The Daily Interlake reports a contingent of Kalispell government and business leaders trekked to the Transportation Commission meeting to urge the state to press ahead with finishing the north half of the bypass, which remains incomplete. The delegation said the highway is critical to city's future development, economic growth and safety. 

But commissioners said finding the remaining $33-million for the job is difficult, especially given the backlog of other highway projects in the Flathead and elsewhere around the state. MDT administrators say they are planning to do some work around the Three Mile Drive section as soon as next spring. 


Yellowstone road re-opened after mudslide, cleanup underway

Park County photo(GARDINER)- Crews are cleaning up a big mudslide that closed Highway 89 north of Gardiner during Wednesday's severe storms.

The road, which is the only link between Yellowstone Park's northern entrance and Livingston, was covered in water and mud when heavy rains moved through the upper valley. Initial reports indicated the road was covered by mud up to 8-feet deep. MDT closed the road to all traffic, but managed to get the highway partially re-opened overnight. 

This morning the cleanup is in full swing. MDT says motorists should be watching for equipment and flaggers and be ready to reduce speed in the area.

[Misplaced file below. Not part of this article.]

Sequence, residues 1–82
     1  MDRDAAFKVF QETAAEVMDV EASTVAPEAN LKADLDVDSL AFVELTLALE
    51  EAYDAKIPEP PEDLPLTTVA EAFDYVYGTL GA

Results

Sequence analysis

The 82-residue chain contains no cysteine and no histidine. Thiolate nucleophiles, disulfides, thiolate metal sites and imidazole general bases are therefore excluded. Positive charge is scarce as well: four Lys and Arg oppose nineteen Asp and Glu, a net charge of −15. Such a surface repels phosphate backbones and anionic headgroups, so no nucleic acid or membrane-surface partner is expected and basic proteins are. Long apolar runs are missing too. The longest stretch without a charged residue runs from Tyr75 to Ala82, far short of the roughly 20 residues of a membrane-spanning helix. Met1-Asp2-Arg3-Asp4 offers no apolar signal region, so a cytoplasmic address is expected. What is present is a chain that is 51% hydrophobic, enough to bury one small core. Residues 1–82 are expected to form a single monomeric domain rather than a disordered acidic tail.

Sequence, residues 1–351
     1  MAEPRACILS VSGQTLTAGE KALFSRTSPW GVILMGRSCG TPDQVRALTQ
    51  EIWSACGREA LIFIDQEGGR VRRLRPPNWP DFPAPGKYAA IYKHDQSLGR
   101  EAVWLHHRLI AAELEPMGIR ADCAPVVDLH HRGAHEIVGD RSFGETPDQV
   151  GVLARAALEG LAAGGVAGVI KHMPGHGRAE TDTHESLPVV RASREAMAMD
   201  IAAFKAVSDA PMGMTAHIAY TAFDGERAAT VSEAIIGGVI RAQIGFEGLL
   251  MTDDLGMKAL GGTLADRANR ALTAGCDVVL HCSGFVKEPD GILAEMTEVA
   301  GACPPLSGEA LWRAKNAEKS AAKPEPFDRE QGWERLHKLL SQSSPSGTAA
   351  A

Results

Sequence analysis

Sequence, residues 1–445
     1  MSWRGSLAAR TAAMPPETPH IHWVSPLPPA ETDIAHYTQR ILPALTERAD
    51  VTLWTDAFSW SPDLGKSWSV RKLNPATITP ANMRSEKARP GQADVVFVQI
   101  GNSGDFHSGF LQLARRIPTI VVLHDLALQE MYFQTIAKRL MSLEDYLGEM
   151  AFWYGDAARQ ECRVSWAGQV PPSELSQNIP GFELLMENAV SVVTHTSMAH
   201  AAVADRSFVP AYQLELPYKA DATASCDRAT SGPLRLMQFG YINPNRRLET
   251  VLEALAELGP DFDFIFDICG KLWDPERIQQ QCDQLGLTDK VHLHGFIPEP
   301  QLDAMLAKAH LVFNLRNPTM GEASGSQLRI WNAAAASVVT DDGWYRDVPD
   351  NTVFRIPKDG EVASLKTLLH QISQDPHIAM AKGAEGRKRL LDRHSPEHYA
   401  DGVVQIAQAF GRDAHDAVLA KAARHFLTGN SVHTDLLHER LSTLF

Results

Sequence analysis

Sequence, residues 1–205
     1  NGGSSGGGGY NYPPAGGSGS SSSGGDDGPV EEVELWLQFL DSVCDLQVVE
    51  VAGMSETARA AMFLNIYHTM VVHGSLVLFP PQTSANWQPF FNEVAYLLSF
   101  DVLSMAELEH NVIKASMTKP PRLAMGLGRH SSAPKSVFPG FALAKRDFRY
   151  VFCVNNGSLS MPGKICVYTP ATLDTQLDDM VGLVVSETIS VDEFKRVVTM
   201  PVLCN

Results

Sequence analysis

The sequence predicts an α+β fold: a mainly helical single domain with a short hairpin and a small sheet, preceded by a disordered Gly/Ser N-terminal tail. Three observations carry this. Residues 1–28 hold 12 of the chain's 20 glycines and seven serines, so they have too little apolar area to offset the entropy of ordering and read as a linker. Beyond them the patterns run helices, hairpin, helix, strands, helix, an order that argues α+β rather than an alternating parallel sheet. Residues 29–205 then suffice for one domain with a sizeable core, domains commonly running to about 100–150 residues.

State hopes additive can solve sheep problem near Thompson Falls

Mag chloride has brought sheep right onto highway for past several winters- KPAX TV photo(THOMPSON FALLS)- Highway and wildlife managers are hoping a new additive, and possibly a speed limit change will be enough to stop the number of accidents involving bighorn sheep in the Lower Clark Fork Valley.

Montana Department of Transportation and Fish, Wildlife and Parks are hoping to find out this winter if a new product used to de-ice the roads can help from attracting the sheep to the highway. 

Repeatedly over the years, and again this past summer, people have collided with the sheep when they come down on the highway from the cliffs above the river. MDT has erected warning signs, and the adjacent railroad tracks are fenced off. But the sheep are drawn to the pavement like moths to a flame, especially in the winter, when highway crews apply magnesium chloride to the pavement as a deicer. 

This winter, MDT is trying something different, using a product called "Game Away" as an additive to a more traditional salt/sand solution in hopes that it won't attract the sheep to the salty taste of mag chloride. It's effectiveness will be studied all winter in three test periods.

In addition, Sanders County leaders have agreed to look at a speed study to see if that might also help reduce the number of serious collisions between sheep and cars. 

In the meantime, FWP biologist Bruce Sterling says the best thing for people to do is slow down and drive defensively, especially on the blind corners and curves. He says even if the additive works, there's still potential for the sheep to be down along the highway, especially where the cliff face is close to the road.